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Informal Credit in Village Economies: Contract Duration with Personal and Community Enforcement

Author

Listed:
  • Loren Brandt

    (University of Toronto)

  • Arthur Hosios

    (University of Toronto)

Abstract

This paper provides an explanation for several important features of informal credit contracts negotiated in economies where households lack collateral, and ready access to legal authorities and formal financial institutions is absent. Our analysis highlights the choice between loans with well-defined repayment periods (fixed durations) and those that are open-ended (no duration). We argue that households negotiate fixed- duration loans only when the borrower's ability to repay is private information, and borrowers enjoy non-credit (social) exchanges with lenders that can be withdrawn to encourage loan repayment. Other differences in loan terms can be explained by the exclusive availability of collective loan enforcement to lenders and borrowers residing in the same community. Drawing on a unique household-level survey, we find empirical support for our model's explanation for duration and the size of loans, as well as borrower's repayment behavior. Our analysis also highlights a negative externality among informal personal and community enforcement mechanisms whereby the availability of both mechanisms in the same village reduces the payments that can be credibly promised with either one.

Suggested Citation

  • Loren Brandt & Arthur Hosios, 2004. "Informal Credit in Village Economies: Contract Duration with Personal and Community Enforcement," Law and Economics 0410001, EconWPA.
  • Handle: RePEc:wpa:wuwple:0410001
    Note: Type of Document - pdf; pages: 60
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    References listed on IDEAS

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    1. John McMillan & Christopher Woodruff, 1999. "Interfirm Relationships and Informal Credit in Vietnam," The Quarterly Journal of Economics, Oxford University Press, vol. 114(4), pages 1285-1320.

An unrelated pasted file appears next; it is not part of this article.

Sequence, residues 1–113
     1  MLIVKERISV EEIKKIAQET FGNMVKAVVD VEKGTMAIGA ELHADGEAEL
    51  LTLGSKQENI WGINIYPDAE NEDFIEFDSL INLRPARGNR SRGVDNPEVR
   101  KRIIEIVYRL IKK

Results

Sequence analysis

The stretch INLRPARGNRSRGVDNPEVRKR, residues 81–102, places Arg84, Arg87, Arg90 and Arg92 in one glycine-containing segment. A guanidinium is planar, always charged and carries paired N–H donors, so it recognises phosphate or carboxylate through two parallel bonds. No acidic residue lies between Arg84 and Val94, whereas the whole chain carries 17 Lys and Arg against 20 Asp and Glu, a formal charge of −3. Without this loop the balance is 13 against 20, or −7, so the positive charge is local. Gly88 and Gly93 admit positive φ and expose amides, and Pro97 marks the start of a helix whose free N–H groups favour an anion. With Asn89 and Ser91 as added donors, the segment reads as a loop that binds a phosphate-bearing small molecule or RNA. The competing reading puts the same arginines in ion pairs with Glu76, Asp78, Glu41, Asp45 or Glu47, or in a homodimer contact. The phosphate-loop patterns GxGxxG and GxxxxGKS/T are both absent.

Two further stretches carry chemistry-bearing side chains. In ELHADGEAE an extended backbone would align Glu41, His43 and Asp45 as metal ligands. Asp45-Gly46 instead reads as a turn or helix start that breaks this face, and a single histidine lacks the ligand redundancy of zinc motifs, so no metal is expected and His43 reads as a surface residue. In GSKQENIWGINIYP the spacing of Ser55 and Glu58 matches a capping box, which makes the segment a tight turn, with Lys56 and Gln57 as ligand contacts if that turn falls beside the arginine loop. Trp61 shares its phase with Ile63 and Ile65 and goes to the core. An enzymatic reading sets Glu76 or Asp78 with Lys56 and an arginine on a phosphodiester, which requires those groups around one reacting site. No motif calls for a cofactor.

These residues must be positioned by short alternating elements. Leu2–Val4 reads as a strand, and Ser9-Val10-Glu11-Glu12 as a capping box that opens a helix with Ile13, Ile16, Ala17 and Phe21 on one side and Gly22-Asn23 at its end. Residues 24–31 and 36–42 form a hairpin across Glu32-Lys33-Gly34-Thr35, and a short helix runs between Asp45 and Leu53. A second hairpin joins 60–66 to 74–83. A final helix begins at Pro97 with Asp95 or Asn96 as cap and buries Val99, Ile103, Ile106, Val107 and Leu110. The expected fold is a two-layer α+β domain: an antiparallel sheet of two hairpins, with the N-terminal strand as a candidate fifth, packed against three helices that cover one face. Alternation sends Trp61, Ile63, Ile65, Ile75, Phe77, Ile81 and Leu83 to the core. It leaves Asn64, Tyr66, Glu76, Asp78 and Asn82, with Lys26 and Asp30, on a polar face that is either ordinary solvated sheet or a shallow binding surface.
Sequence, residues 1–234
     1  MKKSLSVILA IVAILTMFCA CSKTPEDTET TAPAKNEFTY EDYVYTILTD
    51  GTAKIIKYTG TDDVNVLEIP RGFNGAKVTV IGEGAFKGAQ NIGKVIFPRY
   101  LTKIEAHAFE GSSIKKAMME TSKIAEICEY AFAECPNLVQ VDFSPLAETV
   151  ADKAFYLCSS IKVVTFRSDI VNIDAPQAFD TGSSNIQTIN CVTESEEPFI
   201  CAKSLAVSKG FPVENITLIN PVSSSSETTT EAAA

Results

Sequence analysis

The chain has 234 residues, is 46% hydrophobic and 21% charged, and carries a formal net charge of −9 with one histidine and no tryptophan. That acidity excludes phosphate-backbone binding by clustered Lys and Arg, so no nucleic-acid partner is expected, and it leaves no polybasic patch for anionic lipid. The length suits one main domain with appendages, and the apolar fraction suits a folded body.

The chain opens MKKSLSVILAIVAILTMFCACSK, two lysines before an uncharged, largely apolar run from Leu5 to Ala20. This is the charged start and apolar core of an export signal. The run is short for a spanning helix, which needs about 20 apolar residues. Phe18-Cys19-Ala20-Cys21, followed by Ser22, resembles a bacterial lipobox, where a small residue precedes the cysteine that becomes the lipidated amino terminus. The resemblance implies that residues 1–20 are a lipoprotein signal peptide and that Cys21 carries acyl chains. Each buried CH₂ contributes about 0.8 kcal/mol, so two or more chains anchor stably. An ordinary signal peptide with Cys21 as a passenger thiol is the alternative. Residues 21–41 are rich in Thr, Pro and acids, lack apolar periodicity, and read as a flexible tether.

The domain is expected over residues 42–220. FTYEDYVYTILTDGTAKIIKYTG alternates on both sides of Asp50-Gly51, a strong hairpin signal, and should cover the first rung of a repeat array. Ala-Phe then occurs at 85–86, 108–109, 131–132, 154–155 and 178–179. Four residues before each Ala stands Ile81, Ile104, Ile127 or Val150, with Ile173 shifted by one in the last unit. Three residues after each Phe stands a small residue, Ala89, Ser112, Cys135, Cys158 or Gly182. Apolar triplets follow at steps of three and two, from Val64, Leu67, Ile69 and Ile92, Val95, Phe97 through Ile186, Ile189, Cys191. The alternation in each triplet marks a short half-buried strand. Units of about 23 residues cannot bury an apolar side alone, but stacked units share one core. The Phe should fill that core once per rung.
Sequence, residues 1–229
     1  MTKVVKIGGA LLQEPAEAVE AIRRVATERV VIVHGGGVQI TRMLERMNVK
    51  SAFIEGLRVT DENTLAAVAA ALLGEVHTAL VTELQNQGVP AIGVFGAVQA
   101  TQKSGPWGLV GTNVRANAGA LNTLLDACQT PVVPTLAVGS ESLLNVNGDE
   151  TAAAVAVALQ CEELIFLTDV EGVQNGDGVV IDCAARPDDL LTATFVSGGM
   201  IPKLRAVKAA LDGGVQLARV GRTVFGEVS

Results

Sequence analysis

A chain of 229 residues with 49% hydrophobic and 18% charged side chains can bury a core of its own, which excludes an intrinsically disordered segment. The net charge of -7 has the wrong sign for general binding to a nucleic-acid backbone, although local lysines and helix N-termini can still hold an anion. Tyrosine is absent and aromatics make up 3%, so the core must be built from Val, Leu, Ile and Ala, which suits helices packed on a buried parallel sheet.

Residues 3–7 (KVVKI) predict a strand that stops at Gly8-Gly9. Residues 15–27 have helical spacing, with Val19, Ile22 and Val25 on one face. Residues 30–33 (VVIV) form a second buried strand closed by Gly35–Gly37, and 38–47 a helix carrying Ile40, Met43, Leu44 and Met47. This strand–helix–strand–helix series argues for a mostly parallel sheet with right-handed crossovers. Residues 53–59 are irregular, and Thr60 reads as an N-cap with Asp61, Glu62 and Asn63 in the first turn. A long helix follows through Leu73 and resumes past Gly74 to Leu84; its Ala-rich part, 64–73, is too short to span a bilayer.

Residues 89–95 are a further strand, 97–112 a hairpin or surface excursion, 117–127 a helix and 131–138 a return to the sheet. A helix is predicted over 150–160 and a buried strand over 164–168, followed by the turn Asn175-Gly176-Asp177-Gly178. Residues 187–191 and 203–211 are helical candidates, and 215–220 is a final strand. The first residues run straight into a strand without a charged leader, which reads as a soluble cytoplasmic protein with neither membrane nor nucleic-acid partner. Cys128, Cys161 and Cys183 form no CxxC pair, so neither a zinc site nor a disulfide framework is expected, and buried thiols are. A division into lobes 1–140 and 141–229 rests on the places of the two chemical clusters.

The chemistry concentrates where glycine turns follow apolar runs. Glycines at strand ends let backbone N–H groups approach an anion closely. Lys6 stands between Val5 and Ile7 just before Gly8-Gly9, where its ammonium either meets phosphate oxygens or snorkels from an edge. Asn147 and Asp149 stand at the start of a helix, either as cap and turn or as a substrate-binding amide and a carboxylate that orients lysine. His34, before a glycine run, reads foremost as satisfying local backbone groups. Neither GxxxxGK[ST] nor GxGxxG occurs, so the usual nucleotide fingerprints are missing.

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    7. Harold L. Cole & Patrick J. Kehoe, 1996. "Reputation spillover across relationships: reviving reputation models of debt," Staff Report 209, Federal Reserve Bank of Minneapolis.
    8. Besley, Timothy, 1995. "Savings, credit and insurance," Handbook of Development Economics,in: Hollis Chenery & T.N. Srinivasan (ed.), Handbook of Development Economics, edition 1, volume 3, chapter 36, pages 2123-2207 Elsevier.
    9. Greif, Avner, 1994. "Cultural Beliefs and the Organization of Society: A Historical and Theoretical Reflection on Collectivist and Individualist Societies," Journal of Political Economy, University of Chicago Press, vol. 102(5), pages 912-950, October.
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    11. Fafchamps, Marcel, 1992. "Solidarity Networks in Preindustrial Societies: Rational Peasants with a Moral Economy," Economic Development and Cultural Change, University of Chicago Press, vol. 41(1), pages 147-174, October.
    12. Udry, Christopher, 1990. "Credit Markets in Northern Nigeria: Credit as Insurance in a Rural Economy," World Bank Economic Review, World Bank Group, vol. 4(3), pages 251-269, September.
    13. Michihiro Kandori, 1992. "Social Norms and Community Enforcement," Review of Economic Studies, Oxford University Press, vol. 59(1), pages 63-80.
    14. Robert M. Townsend, 1995. "Financial Systems in Northern Thai Villages," The Quarterly Journal of Economics, Oxford University Press, vol. 110(4), pages 1011-1046.
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